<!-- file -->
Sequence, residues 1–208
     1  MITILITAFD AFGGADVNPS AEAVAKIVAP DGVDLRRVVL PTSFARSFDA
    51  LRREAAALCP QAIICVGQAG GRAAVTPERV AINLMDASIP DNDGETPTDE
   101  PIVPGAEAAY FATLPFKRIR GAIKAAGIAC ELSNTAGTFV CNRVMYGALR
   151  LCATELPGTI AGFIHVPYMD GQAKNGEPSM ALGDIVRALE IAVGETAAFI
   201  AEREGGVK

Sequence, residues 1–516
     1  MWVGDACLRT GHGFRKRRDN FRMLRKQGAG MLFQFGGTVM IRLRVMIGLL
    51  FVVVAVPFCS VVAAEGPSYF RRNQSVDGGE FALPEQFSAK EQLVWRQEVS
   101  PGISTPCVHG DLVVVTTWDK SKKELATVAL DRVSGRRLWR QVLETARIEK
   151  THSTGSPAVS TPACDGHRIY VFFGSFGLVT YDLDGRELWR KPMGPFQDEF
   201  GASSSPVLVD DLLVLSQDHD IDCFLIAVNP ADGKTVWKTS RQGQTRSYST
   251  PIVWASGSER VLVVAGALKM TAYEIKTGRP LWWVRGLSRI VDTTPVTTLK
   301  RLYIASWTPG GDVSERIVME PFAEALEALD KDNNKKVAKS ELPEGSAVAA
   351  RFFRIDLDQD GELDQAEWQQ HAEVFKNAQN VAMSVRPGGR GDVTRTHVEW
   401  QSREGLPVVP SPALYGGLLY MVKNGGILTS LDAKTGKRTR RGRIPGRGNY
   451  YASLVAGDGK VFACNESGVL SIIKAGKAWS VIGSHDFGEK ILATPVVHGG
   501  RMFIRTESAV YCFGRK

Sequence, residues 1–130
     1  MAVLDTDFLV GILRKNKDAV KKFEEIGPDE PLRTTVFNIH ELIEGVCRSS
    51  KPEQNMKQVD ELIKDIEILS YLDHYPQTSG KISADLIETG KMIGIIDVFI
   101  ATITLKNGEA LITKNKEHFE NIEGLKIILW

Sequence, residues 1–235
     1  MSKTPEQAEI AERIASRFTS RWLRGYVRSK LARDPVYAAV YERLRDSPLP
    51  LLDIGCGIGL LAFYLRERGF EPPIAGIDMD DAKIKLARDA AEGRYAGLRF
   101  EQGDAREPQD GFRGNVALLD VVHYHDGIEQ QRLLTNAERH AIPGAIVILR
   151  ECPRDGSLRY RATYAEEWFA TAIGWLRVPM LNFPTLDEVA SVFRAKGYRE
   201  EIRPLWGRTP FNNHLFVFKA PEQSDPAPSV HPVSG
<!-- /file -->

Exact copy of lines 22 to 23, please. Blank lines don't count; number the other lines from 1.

   101  ATITLKNGEA LITKNKEHFE NIEGLKIILW

Sequence, residues 1–235